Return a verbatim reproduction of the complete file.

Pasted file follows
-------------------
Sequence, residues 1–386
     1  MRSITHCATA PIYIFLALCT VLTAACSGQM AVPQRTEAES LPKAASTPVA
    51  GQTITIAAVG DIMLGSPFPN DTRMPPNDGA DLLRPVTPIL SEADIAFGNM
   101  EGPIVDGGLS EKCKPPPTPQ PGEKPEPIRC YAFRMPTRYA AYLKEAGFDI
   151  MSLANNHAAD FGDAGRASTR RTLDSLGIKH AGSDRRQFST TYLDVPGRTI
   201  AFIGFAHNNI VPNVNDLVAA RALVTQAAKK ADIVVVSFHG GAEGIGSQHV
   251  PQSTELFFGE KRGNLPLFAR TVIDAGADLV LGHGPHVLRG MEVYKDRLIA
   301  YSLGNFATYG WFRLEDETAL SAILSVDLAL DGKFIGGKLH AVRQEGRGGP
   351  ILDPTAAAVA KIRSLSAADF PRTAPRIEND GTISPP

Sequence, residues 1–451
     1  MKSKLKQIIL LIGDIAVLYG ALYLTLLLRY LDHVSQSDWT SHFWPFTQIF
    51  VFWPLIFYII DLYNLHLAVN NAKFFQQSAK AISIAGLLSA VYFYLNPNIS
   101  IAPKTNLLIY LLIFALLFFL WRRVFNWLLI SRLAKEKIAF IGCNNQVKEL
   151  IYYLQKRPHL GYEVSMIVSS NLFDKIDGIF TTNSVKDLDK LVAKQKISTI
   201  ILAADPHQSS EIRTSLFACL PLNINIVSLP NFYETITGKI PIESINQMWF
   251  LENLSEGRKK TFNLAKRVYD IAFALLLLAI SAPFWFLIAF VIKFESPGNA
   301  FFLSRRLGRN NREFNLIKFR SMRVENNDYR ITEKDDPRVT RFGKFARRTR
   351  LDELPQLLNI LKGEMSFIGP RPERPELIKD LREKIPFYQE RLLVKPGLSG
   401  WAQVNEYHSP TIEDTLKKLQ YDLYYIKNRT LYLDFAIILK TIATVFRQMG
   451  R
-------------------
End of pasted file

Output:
Sequence, residues 1–386
     1  MRSITHCATA PIYIFLALCT VLTAACSGQM AVPQRTEAES LPKAASTPVA
    51  GQTITIAAVG DIMLGSPFPN DTRMPPNDGA DLLRPVTPIL SEADIAFGNM
   101  EGPIVDGGLS EKCKPPPTPQ PGEKPEPIRC YAFRMPTRYA AYLKEAGFDI
   151  MSLANNHAAD FGDAGRASTR RTLDSLGIKH AGSDRRQFST TYLDVPGRTI
   201  AFIGFAHNNI VPNVNDLVAA RALVTQAAKK ADIVVVSFHG GAEGIGSQHV
   251  PQSTELFFGE KRGNLPLFAR TVIDAGADLV LGHGPHVLRG MEVYKDRLIA
   301  YSLGNFATYG WFRLEDETAL SAILSVDLAL DGKFIGGKLH AVRQEGRGGP
   351  ILDPTAAAVA KIRSLSAADF PRTAPRIEND GTISPP

Sequence, residues 1–451
     1  MKSKLKQIIL LIGDIAVLYG ALYLTLLLRY LDHVSQSDWT SHFWPFTQIF
    51  VFWPLIFYII DLYNLHLAVN NAKFFQQSAK AISIAGLLSA VYFYLNPNIS
   101  IAPKTNLLIY LLIFALLFFL WRRVFNWLLI SRLAKEKIAF IGCNNQVKEL
   151  IYYLQKRPHL GYEVSMIVSS NLFDKIDGIF TTNSVKDLDK LVAKQKISTI
   201  ILAADPHQSS EIRTSLFACL PLNINIVSLP NFYETITGKI PIESINQMWF
   251  LENLSEGRKK TFNLAKRVYD IAFALLLLAI SAPFWFLIAF VIKFESPGNA
   301  FFLSRRLGRN NREFNLIKFR SMRVENNDYR ITEKDDPRVT RFGKFARRTR
   351  LDELPQLLNI LKGEMSFIGP RPERPELIKD LREKIPFYQE RLLVKPGLSG
   401  WAQVNEYHSP TIEDTLKKLQ YDLYYIKNRT LYLDFAIILK TIATVFRQMG
   451  R